Jump to content



Sign up for a free account to remove the pop-up ads

Signing up for an account is fast and free. As a member you can join in the conversation, enter contests and remove the pop-up ads that guests get. Click here to create your free account.

Photo
- - - - -

Extending Speaker wire


  • You cannot start a new topic
  • Please log in to reply
10 replies to this topic

#1 of 11 OFFLINE   ZZJE123

ZZJE123

    Auditioning



  • 10 posts
  • Join Date: Dec 25 2012

Posted January 16 2013 - 02:48 PM

I am upgrading my sound system from 5.1 to 7.1 and in doing this, I will be adding speakers and rearranging then. The additional pair I will be getting will be from a friend; these speakers have wire coming out of them, but no wire input wire" clamps," so to speak. So, to connect to these speakers to my receiver, I would have to use the wire already installed in them. The trouble I run into is that the wires are not long enough for how I want to place them. My question is, can these wires be extended by "twisting," new wire on the existing wire? Is soldering a must, or can I get away with only electrical tape (I have zero soldering skills or know-how)? And would it be okay if the existing wire and the wire I use to extend it are different gauges? Any help will be appreciated!

#2 of 11 OFFLINE   Mr645

Mr645

    Stunt Coordinator



  • 211 posts
  • Join Date: Dec 23 2011
  • Real Name:Jon
  • LocationBoca Raton, Florida

Posted January 16 2013 - 04:00 PM

Solder is the most secure, and pretty easy to to. Radio Shack will have everything you need for about $25, but you can probably extend the wire by twisting and using wire nuts. Make sure you don;t mix aluminum and copper wire, stick with whatever metal you already have, probably copper.

#3 of 11 OFFLINE   Brainwasher

Brainwasher

    Stunt Coordinator



  • 168 posts
  • Join Date: Dec 21 2012
  • Real Name:Luke
  • LocationSouthern California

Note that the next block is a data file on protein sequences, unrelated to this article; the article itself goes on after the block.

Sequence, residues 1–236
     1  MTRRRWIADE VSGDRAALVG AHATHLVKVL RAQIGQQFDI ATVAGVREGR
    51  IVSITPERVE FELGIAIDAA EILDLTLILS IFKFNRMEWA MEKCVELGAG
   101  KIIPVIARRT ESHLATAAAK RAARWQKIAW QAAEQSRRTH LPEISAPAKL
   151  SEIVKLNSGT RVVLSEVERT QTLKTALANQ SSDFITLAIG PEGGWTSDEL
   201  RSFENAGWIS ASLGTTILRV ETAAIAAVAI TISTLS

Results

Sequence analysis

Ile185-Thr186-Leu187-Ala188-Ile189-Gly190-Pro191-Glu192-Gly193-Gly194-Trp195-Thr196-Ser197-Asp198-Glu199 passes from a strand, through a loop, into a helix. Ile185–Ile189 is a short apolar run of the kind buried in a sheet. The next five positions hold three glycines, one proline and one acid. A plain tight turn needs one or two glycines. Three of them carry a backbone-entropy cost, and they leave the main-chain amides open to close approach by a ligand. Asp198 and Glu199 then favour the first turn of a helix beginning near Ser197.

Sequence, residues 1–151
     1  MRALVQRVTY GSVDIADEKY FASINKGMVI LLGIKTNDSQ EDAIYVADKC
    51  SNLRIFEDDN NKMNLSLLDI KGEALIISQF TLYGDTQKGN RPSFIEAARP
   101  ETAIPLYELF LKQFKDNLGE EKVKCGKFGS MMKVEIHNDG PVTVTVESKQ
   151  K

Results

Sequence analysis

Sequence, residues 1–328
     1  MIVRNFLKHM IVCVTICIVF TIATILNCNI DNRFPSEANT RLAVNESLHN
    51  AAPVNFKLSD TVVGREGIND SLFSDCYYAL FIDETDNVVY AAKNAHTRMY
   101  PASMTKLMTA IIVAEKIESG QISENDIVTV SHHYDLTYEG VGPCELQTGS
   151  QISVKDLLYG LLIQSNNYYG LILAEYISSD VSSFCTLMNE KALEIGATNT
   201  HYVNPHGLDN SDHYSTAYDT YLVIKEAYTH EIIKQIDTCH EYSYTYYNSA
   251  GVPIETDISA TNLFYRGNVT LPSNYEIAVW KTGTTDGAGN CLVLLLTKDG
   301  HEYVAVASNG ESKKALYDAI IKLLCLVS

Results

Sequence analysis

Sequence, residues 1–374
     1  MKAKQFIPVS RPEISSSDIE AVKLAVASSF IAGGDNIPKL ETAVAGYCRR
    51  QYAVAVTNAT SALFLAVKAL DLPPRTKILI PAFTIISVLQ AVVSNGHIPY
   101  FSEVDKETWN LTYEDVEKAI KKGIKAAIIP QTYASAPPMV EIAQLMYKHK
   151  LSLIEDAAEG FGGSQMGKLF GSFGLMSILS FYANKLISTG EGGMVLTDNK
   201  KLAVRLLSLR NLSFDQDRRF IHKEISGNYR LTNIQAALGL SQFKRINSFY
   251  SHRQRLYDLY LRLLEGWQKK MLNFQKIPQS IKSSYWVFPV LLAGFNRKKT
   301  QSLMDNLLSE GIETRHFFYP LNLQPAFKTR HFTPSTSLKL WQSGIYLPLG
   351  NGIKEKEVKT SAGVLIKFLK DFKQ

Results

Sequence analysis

Posted January 16 2013 - 05:41 PM

Does anyone use those heat shrink wraps anymore. Pretty sweet invention. You place each end of bare wire into the tube, then light it with a lighter, the heat melted the solder inside fusing the metal. http://www.delcity.n...nk-Tubing/p_327

#4 of 11 OFFLINE   Jim Mcc

Jim Mcc

    Producer



  • 3,710 posts
  • Join Date: Feb 11 2004
  • Real Name:Jim
  • LocationOconomowoc, WI.

Posted January 16 2013 - 05:59 PM

Does anyone use those heat shrink wraps anymore. Pretty sweet invention. You place each end of bare wire into the tube, then light it with a lighter, the heat melted the solder inside fusing the metal. http://www.delcity.n...nk-Tubing/p_327

I've used those on my boat trailer. They are meant to be water resistant. You have to crimp the wire first, then heat it up.

#5 of 11 OFFLINE   Jim Mcc

Jim Mcc

    Producer



  • 3,710 posts
  • Join Date: Feb 11 2004
  • Real Name:Jim
  • LocationOconomowoc, WI.

Posted January 16 2013 - 06:00 PM

When I added on a few feet to my front speaker wires, I just used wire nuts. It's been at least 5 years and no problems. I used the same gauge wire.

#6 of 11 OFFLINE   schan1269

schan1269

    HTF Expert



  • 14,244 posts
  • Join Date: Jul 04 2012
  • Real Name:Sam
  • LocationChicago-ish/NW Indiana

Posted January 17 2013 - 02:44 AM

They use wire nuts at your wall socket. They work for anything. But if the wire is going to be on the floor where it might get stepped on or tugged with a vacuum, use the heat-shrink crimpers. Sound wise...won't make any difference.

#7 of 11 OFFLINE   ZZJE123

ZZJE123

    Auditioning



  • 10 posts
  • Join Date: Dec 25 2012

Posted January 17 2013 - 09:28 AM

Solder is the most secure, and pretty easy to to. Radio Shack will have everything you need for about $25, but you can probably extend the wire by twisting and using wire nuts. Make sure you don;t mix aluminum and copper wire, stick with whatever metal you already have, probably copper.